Is there any relationship between self-esteem and job
satisfaction among teachers of private universities in
Bangladesh?
Is there any relationship between optimism and job
satisfaction among teachers of private universities in
Bangladesh?
What are the magnitudes of these relationships?
5 O
BJECTIVES OF THE
S
TUDY
:
The objectives of the present study are as follows-
To investigate the relationship between self-esteem
and job satisfaction among teachers of private uni-
versities in Bangladesh.
To explore the relationship between optimism and
job satisfaction among teachers of private universi-
ties in Bangladesh.
To find out the magnitudes of the relationship be-
tween self-esteem and job satisfaction as well as op-
timism and job satisfaction.
6
M
ETHODOLOGY
Sample Selection
The population of this research was the faculty members
working in 51 private universities of Bangladesh. Accord-
ing to UGC (2008), there are 4,821 full-time faculty mem-
bers working in these private universities. The research
sample was selected from this population. The research
sample was selected from these private universities. At
first, the universities were divided into two clusters based
on the establishment year. One cluster was consisted of the
universities that were established within the year 1992 to
2001. The second cluster consists of the universities that
were established from the year 2002 and onward. Then the
Probability Proportionate to Sample (PPS) was applied on
these two clusters. There were 15 universities in the first
cluster and 28 universities in the second cluster. After ap-
plying PPS on the first cluster the selected universities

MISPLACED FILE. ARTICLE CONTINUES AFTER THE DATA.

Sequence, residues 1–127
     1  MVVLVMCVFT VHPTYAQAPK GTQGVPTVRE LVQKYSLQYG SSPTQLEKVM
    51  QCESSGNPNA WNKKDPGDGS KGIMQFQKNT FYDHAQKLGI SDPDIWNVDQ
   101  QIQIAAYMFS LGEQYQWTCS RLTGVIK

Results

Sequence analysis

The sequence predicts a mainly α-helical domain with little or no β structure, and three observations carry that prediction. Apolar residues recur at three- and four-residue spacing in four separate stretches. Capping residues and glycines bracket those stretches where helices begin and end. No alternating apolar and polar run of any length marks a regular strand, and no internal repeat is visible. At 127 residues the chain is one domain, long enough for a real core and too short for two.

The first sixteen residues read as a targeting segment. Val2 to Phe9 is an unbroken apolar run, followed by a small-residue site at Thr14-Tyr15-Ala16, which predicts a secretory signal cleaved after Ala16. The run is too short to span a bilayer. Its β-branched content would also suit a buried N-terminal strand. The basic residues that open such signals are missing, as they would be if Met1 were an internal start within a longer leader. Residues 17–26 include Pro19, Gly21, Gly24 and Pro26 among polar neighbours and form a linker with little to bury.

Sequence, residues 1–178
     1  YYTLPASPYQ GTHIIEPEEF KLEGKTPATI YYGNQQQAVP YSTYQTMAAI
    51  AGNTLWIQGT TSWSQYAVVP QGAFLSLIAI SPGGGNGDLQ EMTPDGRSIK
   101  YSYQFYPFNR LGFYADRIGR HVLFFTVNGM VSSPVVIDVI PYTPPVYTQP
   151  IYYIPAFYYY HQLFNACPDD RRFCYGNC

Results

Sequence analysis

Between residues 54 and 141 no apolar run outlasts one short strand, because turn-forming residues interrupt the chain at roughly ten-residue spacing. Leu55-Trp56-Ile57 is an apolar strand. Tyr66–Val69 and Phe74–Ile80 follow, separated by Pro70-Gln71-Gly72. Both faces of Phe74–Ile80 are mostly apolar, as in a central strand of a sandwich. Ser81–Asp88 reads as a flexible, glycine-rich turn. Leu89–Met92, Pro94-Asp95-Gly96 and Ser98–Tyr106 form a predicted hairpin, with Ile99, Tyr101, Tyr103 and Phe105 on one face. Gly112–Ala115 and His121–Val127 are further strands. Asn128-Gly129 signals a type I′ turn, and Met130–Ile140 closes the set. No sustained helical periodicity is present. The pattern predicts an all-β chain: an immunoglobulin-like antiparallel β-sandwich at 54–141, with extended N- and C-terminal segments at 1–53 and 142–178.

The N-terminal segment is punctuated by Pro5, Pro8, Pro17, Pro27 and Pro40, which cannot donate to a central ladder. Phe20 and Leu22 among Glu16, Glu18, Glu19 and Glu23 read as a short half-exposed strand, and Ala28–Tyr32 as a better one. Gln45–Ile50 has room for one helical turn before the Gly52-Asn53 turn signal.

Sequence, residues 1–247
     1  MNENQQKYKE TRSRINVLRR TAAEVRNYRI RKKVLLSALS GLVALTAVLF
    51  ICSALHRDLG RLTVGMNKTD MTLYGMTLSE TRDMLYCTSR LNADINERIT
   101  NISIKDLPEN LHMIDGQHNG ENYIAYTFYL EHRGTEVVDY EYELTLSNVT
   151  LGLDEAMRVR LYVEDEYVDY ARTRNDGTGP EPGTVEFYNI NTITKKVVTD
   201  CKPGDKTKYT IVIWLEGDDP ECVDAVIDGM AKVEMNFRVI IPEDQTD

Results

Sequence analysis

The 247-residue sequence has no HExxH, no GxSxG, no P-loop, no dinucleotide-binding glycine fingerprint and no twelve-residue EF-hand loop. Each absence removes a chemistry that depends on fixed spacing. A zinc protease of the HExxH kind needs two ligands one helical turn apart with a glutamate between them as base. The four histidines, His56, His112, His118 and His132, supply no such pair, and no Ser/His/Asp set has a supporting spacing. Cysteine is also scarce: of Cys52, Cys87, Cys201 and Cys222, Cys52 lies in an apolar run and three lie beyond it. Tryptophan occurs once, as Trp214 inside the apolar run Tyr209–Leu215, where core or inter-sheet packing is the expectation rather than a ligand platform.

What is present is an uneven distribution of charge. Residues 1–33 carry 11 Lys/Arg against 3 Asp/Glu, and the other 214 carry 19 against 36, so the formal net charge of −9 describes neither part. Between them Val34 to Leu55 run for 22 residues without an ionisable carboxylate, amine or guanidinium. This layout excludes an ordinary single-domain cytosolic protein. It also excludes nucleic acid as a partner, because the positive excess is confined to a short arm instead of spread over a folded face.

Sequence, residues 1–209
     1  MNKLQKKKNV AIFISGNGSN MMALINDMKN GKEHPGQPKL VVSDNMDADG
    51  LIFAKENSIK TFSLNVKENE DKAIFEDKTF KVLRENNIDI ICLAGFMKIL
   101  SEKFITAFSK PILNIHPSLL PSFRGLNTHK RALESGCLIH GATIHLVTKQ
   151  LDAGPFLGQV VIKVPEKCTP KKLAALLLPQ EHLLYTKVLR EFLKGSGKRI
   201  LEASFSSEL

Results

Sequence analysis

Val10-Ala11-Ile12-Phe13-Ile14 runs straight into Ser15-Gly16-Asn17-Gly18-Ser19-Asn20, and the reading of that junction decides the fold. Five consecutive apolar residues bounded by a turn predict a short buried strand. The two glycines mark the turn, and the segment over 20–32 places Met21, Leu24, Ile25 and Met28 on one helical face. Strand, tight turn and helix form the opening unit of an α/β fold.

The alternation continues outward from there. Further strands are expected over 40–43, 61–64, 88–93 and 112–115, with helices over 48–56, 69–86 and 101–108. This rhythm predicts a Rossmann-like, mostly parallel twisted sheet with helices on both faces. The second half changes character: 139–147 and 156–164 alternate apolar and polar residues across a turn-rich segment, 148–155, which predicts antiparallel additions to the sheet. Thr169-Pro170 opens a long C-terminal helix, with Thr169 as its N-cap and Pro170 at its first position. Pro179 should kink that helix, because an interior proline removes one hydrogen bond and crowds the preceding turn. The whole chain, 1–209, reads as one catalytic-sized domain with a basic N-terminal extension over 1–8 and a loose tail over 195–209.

were Ahsanullah Engineering and Technology University,
University of Asia Pacific, and University of Development
Alternative (UODA). From the second cluster the list of
selected universities includes Stamford University, City
University, Green University, Bangladesh University of
Business and Technology (BUBT), University of Informa-
tion Technology and Science (UITS), and ASA University.
The ratio of the two clusters was 15:28. That’s why, 3 uni-
versities were selected from the first cluster and 6 universi-
ties were selected from second cluster.
Sample Size
In these 9 universities, 1113 full-time faculty members
were working. From these 9 universities a total number
of 88 faculty members were selected based on the Simple
Random Sampling technique. For identifying the sample
size, confidence level was 95% and confidence interval
was 10. According to the ratio for male and female facul-
ty members in the selected private universities, 28% of
the respondents were female. That means among 88 res-
pondents, 25 were female.
Data Collection Method
To examine the research questions both primary and sec-
ondary data obtained from different sources.
Primary Data
The primary data was collected through structured ques-
tionnaire survey.
Measures used to collect primary data:
To measure the independent (Self-esteem and Optimism)
and dependent variables (Job Satisfaction) the following
measuring scales were used -
1. Self-Esteem Scale (SES) (Rosenberg’s, 1965) for mea-
suring self-esteem.
2. Life Orientation Test (LOT) (Scheier& Carver, 1985)
for measuring Optimism.
3. Job Satisfaction Survey (JSS) (Paul E. Spector, 1985)